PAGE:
I was dismayed by a series of slides presented to AsianInvestor’s recent Hong Kong asset owner event. Our annual jamboree, AI Week, is usually an upbeat celebration of the industry’s progress, with our Asian Investment Summit the flagship conference for asset owners, fund managers and service providers.
But the case of Thailand shows that for this industry, two steps forward is followed by one step back.
Pisit Leeahtam, president of the Provident Fund Association of Thailand, presented data showing how asset allocation has changed over the past decade among major Thai institutions. His slides came during a panel discussion, led by AsianInvestor’s Richard Newell, on portfolio construction – a talk that inevitably included risk management, total performance, goals, capabilities and how funds are directed.
In the case of Thailand, the data seems clear: drift, a lack of good governance, and a basic failure by government to pay attention has doomed a generation of savers. We can only hope the information sharing and lessons from events such as ours, along with research from consultants and fund managers, can give experts such as Pisit the ammunition required to effect some real changes.
So what did the data show?
We saw the asset allocation compared between 2004 and 2014 for the Government Pension Fund, the Social Security Office and for other aggregated provident funds.
The assets under management are substantial for Thailand: from 2004’s combined Bt775 billion (about $23 billion at today’s exchange rate), today the three account for Bt2.7 trillion ($80 billion), with the Social Security Office alone managing Bt1.2 trillion.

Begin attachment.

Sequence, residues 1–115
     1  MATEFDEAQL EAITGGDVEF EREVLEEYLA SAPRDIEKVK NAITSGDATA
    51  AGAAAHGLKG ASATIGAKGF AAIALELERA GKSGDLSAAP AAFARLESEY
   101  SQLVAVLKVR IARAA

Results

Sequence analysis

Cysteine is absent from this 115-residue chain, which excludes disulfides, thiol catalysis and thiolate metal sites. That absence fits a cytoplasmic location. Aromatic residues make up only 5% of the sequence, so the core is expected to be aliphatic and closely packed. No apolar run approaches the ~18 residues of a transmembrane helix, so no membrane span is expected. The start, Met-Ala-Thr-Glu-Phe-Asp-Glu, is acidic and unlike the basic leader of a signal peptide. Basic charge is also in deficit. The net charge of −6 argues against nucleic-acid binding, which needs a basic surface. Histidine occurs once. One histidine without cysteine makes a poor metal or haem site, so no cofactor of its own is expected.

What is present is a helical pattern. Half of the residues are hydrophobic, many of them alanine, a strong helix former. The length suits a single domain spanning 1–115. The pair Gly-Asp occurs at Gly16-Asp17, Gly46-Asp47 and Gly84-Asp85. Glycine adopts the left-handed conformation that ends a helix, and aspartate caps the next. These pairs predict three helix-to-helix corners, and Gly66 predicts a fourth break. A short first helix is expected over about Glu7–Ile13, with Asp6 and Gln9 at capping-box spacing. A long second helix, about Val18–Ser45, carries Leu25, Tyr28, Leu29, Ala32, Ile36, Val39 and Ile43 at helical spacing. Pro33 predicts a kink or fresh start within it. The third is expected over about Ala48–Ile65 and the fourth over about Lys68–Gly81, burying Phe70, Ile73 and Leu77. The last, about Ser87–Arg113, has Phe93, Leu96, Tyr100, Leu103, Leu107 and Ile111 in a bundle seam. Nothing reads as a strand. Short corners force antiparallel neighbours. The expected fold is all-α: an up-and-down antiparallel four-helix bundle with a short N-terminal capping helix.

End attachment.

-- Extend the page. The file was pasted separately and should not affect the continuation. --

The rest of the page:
The huge asset inflows into the two state-run giants, SSO for all employees and GPF for civil servants, have been squandered by poor asset allocation.
In both cases, almost all inflows over the past decade have gone to domestic government bonds. For SSO, in absolute terms this means holdings of government securities has risen from Bt91 billion in 2004 to Bt835 billion in 2014. Although all other assets also saw net growth, except for bank deposits, these are very modest in comparison.
For GPF, the story is even weirder. Thai fixed income (which in this case may include corporate bonds) rose from Bt135 billion to Bt452 billion – not as dramatic an increase. But other than domestic equity, which enjoyed a very small increase, and some moves into global asset classes, allocations elsewhere declined in absolute terms, including domestic real estate and mutual funds.
That’s the trend for absolute holdings. Let’s look at the charts for asset allocation as percentages. Take SSO first.
SSO in 2004 had 34% of its total assets positioned in government bonds and treasury bills. Bank deposits made another 25% and state enterprise bonds another 23%. Equities, property and international exposures accounted for less than 4%.
As of 2014, the SSO has more asset classes, with equities up to 9% and property and foreign allocations another 4%. But everything else has shrunk as a portion of the total allocation because government bonds now account for 67% of SSO’s portfolio. Sixty-seven percent!